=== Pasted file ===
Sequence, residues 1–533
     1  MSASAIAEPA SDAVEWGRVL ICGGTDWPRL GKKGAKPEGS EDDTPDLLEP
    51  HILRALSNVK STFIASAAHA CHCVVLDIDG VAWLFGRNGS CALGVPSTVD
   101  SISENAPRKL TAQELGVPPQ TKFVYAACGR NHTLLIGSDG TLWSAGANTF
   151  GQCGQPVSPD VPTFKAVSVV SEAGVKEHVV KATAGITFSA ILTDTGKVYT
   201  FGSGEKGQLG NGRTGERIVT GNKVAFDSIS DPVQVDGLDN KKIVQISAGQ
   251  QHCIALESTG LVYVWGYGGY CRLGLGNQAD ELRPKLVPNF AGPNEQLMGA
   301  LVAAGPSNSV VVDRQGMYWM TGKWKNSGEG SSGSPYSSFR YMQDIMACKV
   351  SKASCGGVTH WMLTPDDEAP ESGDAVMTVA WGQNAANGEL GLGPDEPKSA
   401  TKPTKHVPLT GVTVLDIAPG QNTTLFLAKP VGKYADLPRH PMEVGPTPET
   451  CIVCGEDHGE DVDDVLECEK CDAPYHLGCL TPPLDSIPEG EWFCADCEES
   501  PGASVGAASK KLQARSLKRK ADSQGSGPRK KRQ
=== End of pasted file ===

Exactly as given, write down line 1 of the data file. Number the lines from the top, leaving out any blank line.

Sequence, residues 1–533